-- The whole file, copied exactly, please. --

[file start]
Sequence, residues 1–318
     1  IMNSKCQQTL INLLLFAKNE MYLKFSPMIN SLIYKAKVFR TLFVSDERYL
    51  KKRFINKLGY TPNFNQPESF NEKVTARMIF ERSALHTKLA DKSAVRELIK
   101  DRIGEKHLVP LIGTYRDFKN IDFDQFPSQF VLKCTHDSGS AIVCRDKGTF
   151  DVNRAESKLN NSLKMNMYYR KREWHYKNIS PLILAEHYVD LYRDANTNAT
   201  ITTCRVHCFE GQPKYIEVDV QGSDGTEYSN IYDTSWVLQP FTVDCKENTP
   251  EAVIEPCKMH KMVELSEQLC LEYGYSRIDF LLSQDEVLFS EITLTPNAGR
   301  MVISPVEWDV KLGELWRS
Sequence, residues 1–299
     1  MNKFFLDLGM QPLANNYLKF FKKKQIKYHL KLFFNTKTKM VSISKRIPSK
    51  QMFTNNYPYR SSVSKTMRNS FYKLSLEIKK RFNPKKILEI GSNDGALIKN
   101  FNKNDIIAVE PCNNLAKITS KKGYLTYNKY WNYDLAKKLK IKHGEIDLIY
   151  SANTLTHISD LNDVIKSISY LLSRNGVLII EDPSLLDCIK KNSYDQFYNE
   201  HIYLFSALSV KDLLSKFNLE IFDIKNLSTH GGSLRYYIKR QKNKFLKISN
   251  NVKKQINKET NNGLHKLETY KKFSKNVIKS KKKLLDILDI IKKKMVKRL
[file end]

Sequence, residues 1–318
     1  IMNSKCQQTL INLLLFAKNE MYLKFSPMIN SLIYKAKVFR TLFVSDERYL
    51  KKRFINKLGY TPNFNQPESF NEKVTARMIF ERSALHTKLA DKSAVRELIK
   101  DRIGEKHLVP LIGTYRDFKN IDFDQFPSQF VLKCTHDSGS AIVCRDKGTF
   151  DVNRAESKLN NSLKMNMYYR KREWHYKNIS PLILAEHYVD LYRDANTNAT
   201  ITTCRVHCFE GQPKYIEVDV QGSDGTEYSN IYDTSWVLQP FTVDCKENTP
   251  EAVIEPCKMH KMVELSEQLC LEYGYSRIDF LLSQDEVLFS EITLTPNAGR
   301  MVISPVEWDV KLGELWRS
Sequence, residues 1–299
     1  MNKFFLDLGM QPLANNYLKF FKKKQIKYHL KLFFNTKTKM VSISKRIPSK
    51  QMFTNNYPYR SSVSKTMRNS FYKLSLEIKK RFNPKKILEI GSNDGALIKN
   101  FNKNDIIAVE PCNNLAKITS KKGYLTYNKY WNYDLAKKLK IKHGEIDLIY
   151  SANTLTHISD LNDVIKSISY LLSRNGVLII EDPSLLDCIK KNSYDQFYNE
   201  HIYLFSALSV KDLLSKFNLE IFDIKNLSTH GGSLRYYIKR QKNKFLKISN
   251  NVKKQINKET NNGLHKLETY KKFSKNVIKS KKKLLDILDI IKKKMVKRL